Oil not a slick, more a bucketful, claim
THIS is the amount of oil today in the slick off Suffolk's coastline – according to the guardians of our shores.They say the slick, which has so far killed hundreds of seabirds and maimed many more, weighs less than six and half pounds in weight.
By Richard Cornwell
By RICHARD CORNWELL
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THIS is the amount of oil today in the slick off Suffolk's coastline – according to the guardians of our shores.
They say the slick, which has so far killed hundreds of seabirds and maimed many more, weighs less than six and half pounds in weight.
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It would not even fill a bucket.
Officials from the Maritime and Coastguard Agency's (MCA) counter pollution unit also insists that all that has been washed up is "small globules".
But the ridiculous suggestion is disputed by the RSPB and RSPCA, who say the real evidence is the 300 dead seabirds found so far and 600 contaminated ones.
The birds, including guillemots and red-throated divers, have been swept ashore between Aldeburgh and Great Yarmouth.
Their plight has been highlighted by The Evening Star's campaign Stop The Black Death, aimed at winning tougher action to stop pollution and which has gained support from all quarters.
Today coastal communities were bracing themselves for more mess on beaches and stricken seabirds coming ashore as bitterly-cold easterly winds continued to batter the county.
The MCA said four aerial surveillance flights had taken place to track the oil, since it was spotted eight miles off Sizewell.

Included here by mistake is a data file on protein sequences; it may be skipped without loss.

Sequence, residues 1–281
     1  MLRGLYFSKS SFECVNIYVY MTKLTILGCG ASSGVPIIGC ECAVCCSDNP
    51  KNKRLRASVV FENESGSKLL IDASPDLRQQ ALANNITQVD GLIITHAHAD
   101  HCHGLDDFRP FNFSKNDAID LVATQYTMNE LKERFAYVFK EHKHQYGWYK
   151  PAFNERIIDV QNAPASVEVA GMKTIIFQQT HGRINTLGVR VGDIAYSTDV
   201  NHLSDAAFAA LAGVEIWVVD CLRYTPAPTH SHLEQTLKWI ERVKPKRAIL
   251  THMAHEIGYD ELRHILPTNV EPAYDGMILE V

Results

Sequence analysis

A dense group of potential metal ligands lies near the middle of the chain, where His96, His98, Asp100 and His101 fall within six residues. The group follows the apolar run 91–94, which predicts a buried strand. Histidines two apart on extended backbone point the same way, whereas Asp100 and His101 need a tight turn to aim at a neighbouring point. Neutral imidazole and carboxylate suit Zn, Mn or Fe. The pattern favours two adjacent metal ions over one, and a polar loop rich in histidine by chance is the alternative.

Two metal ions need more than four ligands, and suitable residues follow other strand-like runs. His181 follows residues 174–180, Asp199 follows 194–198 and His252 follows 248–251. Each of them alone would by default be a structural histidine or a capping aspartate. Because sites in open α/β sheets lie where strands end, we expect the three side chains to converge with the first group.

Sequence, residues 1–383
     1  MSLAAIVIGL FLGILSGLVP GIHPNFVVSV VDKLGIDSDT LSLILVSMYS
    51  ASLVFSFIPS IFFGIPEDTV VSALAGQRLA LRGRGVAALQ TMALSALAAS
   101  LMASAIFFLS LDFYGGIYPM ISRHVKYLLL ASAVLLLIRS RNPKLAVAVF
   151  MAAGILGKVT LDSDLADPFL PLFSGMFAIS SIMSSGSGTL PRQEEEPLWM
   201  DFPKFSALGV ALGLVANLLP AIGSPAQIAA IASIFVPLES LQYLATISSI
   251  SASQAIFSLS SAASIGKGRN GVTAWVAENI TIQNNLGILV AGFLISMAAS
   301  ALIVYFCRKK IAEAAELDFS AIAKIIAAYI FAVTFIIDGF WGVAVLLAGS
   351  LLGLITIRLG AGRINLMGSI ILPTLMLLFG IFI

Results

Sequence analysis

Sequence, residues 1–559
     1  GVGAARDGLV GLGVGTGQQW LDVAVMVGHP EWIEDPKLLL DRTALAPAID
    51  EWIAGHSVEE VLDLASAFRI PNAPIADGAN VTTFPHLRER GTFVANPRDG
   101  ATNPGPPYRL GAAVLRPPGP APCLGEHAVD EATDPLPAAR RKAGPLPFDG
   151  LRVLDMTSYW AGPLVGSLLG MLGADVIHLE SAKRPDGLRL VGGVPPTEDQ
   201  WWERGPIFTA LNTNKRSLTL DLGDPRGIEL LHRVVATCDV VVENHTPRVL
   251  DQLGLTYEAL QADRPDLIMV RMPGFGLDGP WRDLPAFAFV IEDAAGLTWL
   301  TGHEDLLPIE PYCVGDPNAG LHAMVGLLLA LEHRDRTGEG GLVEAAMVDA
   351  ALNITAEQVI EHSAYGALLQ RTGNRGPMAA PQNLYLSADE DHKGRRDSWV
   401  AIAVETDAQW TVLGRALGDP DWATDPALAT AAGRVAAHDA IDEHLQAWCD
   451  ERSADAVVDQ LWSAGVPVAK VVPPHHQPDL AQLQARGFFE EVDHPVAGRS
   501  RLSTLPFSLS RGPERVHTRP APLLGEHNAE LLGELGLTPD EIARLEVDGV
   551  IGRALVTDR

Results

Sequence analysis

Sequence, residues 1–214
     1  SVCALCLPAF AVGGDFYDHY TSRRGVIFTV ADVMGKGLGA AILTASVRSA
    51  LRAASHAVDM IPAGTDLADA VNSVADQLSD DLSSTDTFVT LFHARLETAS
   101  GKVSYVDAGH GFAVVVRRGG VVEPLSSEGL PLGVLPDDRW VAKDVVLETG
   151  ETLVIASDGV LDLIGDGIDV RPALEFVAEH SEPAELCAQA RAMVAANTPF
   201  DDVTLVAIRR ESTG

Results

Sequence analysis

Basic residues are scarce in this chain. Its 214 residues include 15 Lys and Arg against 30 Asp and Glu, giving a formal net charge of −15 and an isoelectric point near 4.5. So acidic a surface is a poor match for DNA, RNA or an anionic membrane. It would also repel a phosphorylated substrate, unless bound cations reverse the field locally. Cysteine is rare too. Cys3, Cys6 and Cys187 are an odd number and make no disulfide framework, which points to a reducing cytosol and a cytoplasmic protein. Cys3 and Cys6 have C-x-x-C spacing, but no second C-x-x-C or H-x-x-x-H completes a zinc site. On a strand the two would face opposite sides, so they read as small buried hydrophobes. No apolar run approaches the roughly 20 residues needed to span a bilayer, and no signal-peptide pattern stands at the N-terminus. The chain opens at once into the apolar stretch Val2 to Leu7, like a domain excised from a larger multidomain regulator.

Small globules had washed ashore mixed with seaweed and other detritus on the high tide line, and now all that remains is a sheen on the water, around 63 sq metres in area.
It had been calculated that the oil weighed in total three kilograms.
"Samples of oil were taken and subsequent analysis showed that the oil was a very heavily weathered fuel oil that had been at sea for some time. It has been therefore very difficult to link this oil to a particular vessel," said a spokesman.
"The Agency will make every effort where possible to catch the offenders, and to then consider appropriate action."
The oil-coated birds are being cared for at RSPCA hospitals.
But RSPCA spokeswoman Sari Eldridge felt the slick was far more serious than a bucketful of oil – and described it as "the worst incident we have faced along the east coast for some years.
"Although much of the oil has not yet reached the East Anglia's beaches, the slick is a disaster for the seabirds."